Secret Trusts

Many clients have expressed a desire to create trusts for loved ones, but to not let the loved one know that the trust exists, or, at a minimum, to not disclose the value of the assets held by the trust or the amount of income generated. I understand the goals typically include not sapping a beneficiary’s drive, protecting a surviving spouse from children’s or step-children’s demands for distributions, and even to protect a beneficiary from himself.

The challenge one faces when attempting to hide trust information from beneficiaries is state law. In Florida, like most other states, a trustee has a duty to annually account to “qualified beneficiaries.” The annual accounting requirements don’t usually apply in revocable trusts until the grantor of the trust dies. When the grantor dies, the trust typically becomes irrevocable and may continue on for a spouse, children or other loved ones. An income, principal or remainder beneficiary of a trust then becomes “qualified” and consequently entitled to receive the trust information.

At that point the trustee, under state law, must provide the beneficiaries a copy of the trust as well as annual information relating to the amount of assets owned by the trust, capital gains and losses realized, income earned, distributions made, expenses paid as well as other “significant items” as defined under the law.

If a trustee fails to provide this information they could be removed for cause, sometimes under the terms of the trust instrument itself if not under state law. Further, the trustee can be held financially liable for transactions that ultimately aren’t prudent or reasonable once discovered. So it is in the trustee’s best interests to act transparently and provide ongoing information to the beneficiaries. When a trustee so acts, state law also provides a mechanism that can limit a beneficiary’s time to file a lawsuit against the trustee for items properly disclosed. The trustee’s attorney typically invokes this mechanism with the annual accounting.

The reason for these laws becomes evident when you consider that a trustee is not governed by a court. A major reason one might create a trust is to avoid the time and expense associated with court approvals, accountings and oversight with a guardianship in the event of a client disability, or a probate in the event of a client death. When a trustee has no court oversight and does not have to account to beneficiaries, negligence and fraud could go unchecked. That’s one reason it becomes so important to name the right party as your trustee in the event you can’t serve for yourself.

Assuming that a client still wants a secret trust, how does he achieve his goal?  The answer lies in finding a state that allows for nondisclosure. A variety of states meet this bill, including Nevada, Alaska and others. I have drafted Nevada trusts for my Florida clients who wish to hide trusts and assets from beneficiaries, and in this discussion will use Nevada as my example. The process to create a secret trust is more complicated, and requires a trustee in that state to serve. We also get a Nevada attorney to review the trust for state law sufficiency and in the best circumstances the Nevada trustee has more than simple administrative powers. They usually also must have discretionary distribution powers for the trust to have the teeth that it needs to achieve the stated goals.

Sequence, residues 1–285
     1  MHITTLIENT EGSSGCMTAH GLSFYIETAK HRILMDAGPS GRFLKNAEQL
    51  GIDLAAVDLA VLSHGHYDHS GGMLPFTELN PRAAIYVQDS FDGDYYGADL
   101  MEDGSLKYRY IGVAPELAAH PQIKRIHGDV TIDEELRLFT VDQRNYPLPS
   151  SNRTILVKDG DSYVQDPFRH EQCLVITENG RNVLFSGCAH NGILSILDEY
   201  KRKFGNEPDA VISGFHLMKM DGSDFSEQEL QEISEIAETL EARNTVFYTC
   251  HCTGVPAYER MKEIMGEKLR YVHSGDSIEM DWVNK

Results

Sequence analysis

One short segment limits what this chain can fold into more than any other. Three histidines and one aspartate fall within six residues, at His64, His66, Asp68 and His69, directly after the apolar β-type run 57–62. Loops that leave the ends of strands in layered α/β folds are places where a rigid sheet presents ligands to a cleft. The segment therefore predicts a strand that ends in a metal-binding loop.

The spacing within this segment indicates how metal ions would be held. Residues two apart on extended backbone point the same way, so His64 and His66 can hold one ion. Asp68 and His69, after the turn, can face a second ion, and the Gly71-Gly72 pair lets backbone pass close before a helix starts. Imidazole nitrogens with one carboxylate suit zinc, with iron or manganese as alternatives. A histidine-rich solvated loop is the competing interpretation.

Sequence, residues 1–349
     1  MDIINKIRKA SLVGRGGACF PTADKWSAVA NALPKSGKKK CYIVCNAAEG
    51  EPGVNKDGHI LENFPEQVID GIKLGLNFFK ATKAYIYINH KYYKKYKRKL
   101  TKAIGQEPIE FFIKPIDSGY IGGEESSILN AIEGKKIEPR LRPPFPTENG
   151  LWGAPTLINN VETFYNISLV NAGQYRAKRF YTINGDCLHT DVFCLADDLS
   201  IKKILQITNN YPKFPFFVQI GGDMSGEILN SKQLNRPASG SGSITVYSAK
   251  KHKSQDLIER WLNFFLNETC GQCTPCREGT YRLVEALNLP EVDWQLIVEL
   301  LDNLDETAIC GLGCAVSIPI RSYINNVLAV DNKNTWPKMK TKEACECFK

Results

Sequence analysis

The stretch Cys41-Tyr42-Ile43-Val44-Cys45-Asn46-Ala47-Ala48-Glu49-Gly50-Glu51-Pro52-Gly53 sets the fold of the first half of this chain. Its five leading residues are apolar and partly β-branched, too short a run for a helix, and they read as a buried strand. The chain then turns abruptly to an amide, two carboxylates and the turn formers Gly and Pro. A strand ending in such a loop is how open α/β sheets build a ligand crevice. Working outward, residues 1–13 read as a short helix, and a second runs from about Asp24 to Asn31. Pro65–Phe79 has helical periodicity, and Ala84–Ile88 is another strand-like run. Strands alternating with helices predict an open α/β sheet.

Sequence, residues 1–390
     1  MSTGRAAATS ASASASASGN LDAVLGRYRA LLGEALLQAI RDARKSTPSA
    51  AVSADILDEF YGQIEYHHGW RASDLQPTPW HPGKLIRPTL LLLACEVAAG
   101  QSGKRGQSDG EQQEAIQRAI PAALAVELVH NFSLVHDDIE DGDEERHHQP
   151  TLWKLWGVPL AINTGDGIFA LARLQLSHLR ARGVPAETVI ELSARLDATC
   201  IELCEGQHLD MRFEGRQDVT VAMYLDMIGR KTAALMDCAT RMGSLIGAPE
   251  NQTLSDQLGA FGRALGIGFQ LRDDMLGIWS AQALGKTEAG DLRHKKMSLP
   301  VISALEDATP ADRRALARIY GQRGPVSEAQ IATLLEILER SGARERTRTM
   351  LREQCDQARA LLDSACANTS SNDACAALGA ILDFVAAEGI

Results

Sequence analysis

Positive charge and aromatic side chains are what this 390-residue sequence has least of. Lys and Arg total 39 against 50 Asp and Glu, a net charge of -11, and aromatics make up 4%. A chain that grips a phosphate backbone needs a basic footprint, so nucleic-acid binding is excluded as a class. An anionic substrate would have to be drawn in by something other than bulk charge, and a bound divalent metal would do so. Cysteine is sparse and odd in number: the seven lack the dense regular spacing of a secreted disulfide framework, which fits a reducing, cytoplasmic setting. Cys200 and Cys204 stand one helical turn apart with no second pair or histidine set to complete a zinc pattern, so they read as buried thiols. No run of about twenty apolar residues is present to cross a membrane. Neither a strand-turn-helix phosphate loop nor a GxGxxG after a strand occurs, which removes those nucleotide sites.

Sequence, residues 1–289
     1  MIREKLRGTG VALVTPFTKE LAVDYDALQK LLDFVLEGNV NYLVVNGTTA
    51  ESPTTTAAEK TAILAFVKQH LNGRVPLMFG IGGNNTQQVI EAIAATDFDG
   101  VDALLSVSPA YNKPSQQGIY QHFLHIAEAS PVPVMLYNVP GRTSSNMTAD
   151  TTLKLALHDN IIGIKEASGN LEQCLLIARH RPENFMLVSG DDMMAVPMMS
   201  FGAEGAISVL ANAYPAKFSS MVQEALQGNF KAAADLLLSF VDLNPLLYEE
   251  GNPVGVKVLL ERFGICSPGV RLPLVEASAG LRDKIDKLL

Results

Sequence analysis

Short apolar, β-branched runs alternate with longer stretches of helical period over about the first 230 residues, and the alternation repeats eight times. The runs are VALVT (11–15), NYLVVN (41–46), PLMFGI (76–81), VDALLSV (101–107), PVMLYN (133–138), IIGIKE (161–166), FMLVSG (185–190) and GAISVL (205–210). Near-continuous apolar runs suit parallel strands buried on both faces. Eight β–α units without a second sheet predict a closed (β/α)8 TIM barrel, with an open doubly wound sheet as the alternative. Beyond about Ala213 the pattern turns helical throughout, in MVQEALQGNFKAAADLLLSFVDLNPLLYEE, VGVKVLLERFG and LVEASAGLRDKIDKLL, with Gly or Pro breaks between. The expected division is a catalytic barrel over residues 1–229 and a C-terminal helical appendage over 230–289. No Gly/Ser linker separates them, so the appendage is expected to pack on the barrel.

No two secret trusts are drafted the same. The provisions are usually crafted to meet the specific criteria that the grantor of the trust wants. Moreover, the entire revocable trust need not be a Nevada trust. If Martha, for example, has three children, only one of whom she wants to hide information from she can craft a separate trust share for that specific beneficiary. There are numerous details to work through so one would only travel down this path if there were extremely important reasons to do so.

If creating a secret trust is important to you, seek out a qualified estate planning attorney who has experience drafting and implementing a secret trust, and be prepared to specifically describe your situation, reasons for creating the trust, and goals you would like to achieve.

The Sheppard Law Firm is located in Fort Myers and Naples by appointment.

© 2018 Craig R. Hersch. Originally published in the Sanibel Island Sun.

Myths About Estrangement

From time to time a client will not tell me about a child because they have become estranged, and they don’t want to leave anything to that child or to that child’s children in the estate plan. When I don’t know that the child even exists, problems can arise since it is usually proper form to mention the child and specifically disinherit him or her in the will and/or trust. Otherwise, the child might successfully claim a portion of the estate.

I suppose that some clients who fail to discuss the relationship do so because of feelings of guilt or shame. They might feel that they’ll be judged if someone knows about the estrangement. Other times it might be out of pain. The client doesn’t want to even think about the issue, so they would rather pretend that the relative doesn’t exist.

A recent New York Times article sheds some light on the subject. Broadly speaking, estrangement is defined as one or more relatives intentionally choosing to end contact because of an ongoing negative relationship. The article points out those relatives who go long stretches without a phone call because of external consequences like a military deployment or incarceration don’t fall into this category.

Lucy Blake, a lecturer at Edge Hill University in England published a systematic review of 51 articles about estrangement in the Journal of Family Theory & Review. This body of literature, Blake wrote, gives family scholars an opportunity to “understand family relationships as they are, rather than how they could or should be.”